Bottom Line: Three novel defensin genes belonging to the Cryptdin Related Sequences (CRS) family were identified.Accurate gene annotation is facilitated by the annotation of pseudogenes and regulatory elements.Manually curated gene models will be incorporated into the Ensembl and Consensus Coding Sequence (CCDS) reference sets.

View Article: PubMed Central - HTML - PubMed

Affiliation: Wellcome Trust Sanger Institute, Wellcome Trust Genome Campus, Hinxton, Cambridgeshire CB10 1SA, UK. ca1@sanger.ac.uk

ABSTRACT

Background: Host defense peptides are a critical component of the innate immune system. Human alpha- and beta-defensin genes are subject to copy number variation (CNV) and historically the organization of mouse alpha-defensin genes has been poorly defined. Here we present the first full manual genomic annotation of the mouse defensin region on Chromosome 8 of the reference strain C57BL/6J, and the analysis of the orthologous regions of the human and rat genomes. Problems were identified with the reference assemblies of all three genomes. Defensins have been studied for over two decades and their naming has become a critical issue due to incorrect identification of defensin genes derived from different mouse strains and the duplicated nature of this region.

Results: The defensin gene cluster region on mouse Chromosome 8 A2 contains 98 gene loci: 53 are likely active defensin genes and 22 defensin pseudogenes. Several TATA box motifs were found for human and mouse defensin genes that likely impact gene expression. Three novel defensin genes belonging to the Cryptdin Related Sequences (CRS) family were identified. All additional mouse defensin loci on Chromosomes 1, 2 and 14 were annotated and unusual splice variants identified. Comparison of the mouse alpha-defensins in the three main mouse reference gene sets Ensembl, Mouse Genome Informatics (MGI), and NCBI RefSeq reveals significant inconsistencies in annotation and nomenclature. We are collaborating with the Mouse Genome Nomenclature Committee (MGNC) to establish a standardized naming scheme for alpha-defensins.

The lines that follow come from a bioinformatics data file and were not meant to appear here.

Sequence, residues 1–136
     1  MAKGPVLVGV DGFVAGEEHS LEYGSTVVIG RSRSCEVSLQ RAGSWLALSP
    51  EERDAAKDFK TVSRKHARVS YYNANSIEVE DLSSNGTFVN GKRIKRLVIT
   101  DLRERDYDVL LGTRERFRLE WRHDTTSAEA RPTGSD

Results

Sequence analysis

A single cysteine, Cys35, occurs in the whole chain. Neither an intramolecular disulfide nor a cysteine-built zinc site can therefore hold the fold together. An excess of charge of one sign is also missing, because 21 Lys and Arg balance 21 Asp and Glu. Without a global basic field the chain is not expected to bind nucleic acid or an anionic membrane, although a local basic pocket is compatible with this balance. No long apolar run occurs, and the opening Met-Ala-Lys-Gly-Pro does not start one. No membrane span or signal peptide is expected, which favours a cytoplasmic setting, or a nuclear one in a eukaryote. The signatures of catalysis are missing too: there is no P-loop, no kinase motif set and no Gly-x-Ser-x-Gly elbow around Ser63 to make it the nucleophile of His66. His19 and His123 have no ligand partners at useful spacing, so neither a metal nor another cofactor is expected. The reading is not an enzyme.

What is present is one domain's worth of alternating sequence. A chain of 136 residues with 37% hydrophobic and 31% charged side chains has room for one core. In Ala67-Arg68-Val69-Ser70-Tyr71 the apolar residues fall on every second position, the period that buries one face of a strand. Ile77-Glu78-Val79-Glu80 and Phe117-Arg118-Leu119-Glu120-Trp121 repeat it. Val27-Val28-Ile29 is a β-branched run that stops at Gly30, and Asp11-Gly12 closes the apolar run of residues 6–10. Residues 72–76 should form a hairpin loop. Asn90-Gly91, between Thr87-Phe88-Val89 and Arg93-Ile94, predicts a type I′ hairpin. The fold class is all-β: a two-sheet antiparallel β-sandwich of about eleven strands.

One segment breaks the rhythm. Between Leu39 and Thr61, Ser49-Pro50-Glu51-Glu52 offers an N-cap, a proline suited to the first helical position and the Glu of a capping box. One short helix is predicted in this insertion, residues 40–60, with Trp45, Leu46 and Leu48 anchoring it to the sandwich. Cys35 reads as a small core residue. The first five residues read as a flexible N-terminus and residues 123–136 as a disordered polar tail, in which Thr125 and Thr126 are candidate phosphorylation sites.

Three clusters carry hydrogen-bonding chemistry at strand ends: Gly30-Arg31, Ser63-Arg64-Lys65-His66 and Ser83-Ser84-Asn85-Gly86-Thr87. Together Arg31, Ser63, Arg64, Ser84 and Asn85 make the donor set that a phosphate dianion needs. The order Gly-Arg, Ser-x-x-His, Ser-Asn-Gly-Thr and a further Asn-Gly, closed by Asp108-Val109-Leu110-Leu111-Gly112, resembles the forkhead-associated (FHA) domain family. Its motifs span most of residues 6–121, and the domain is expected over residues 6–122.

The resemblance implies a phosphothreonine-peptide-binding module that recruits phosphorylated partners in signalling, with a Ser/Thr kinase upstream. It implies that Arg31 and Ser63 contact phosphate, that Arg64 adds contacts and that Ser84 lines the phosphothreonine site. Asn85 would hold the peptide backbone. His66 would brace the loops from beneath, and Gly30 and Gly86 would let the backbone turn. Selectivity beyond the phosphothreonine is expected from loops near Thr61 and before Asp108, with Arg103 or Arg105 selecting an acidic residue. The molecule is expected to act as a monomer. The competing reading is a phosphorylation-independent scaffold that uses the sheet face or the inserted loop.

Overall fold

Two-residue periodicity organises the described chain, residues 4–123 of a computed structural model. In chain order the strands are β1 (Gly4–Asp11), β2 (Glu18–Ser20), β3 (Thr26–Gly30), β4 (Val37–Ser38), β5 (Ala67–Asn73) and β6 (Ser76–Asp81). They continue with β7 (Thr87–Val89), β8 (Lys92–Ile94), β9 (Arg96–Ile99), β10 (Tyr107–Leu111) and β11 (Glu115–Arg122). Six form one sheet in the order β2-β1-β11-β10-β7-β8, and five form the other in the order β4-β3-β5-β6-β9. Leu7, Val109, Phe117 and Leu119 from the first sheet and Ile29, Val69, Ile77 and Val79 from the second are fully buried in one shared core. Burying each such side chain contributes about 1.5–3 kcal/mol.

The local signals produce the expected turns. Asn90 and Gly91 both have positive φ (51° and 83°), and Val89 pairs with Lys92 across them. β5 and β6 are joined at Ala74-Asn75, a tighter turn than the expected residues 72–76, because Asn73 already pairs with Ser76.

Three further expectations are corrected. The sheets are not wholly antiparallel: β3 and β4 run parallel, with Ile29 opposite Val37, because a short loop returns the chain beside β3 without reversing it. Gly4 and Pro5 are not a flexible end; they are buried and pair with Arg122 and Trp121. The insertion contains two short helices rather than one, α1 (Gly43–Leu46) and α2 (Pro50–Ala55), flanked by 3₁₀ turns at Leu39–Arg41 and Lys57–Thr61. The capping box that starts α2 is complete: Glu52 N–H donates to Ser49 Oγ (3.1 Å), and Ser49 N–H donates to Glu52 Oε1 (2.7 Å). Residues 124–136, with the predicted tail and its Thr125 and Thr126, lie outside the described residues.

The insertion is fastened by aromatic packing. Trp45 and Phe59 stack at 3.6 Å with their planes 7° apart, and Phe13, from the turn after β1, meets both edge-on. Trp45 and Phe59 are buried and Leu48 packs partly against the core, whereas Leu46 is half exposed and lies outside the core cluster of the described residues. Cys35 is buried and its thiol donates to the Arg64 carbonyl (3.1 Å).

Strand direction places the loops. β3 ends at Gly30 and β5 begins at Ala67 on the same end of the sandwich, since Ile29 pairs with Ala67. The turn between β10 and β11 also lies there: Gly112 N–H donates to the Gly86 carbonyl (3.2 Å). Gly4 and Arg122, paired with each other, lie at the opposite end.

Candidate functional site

Conclusions: Prior to this analysis, there was no reliable reference gene set available for the mouse strain C57BL/6J defensin genes, demonstrating that manual intervention is still critical for the annotation of complex gene families and heavily duplicated regions. Accurate gene annotation is facilitated by the annotation of pseudogenes and regulatory elements. Manually curated gene models will be incorporated into the Ensembl and Consensus Coding Sequence (CCDS) reference sets. Elucidation of the genomic structure of this complex gene cluster on the mouse reference sequence, and adoption of a clear and unambiguous naming scheme, will provide a valuable tool to support studies on the evolution, regulatory mechanisms and biological functions of defensins in vivo.

Show MeSH
Related in: MedlinePlus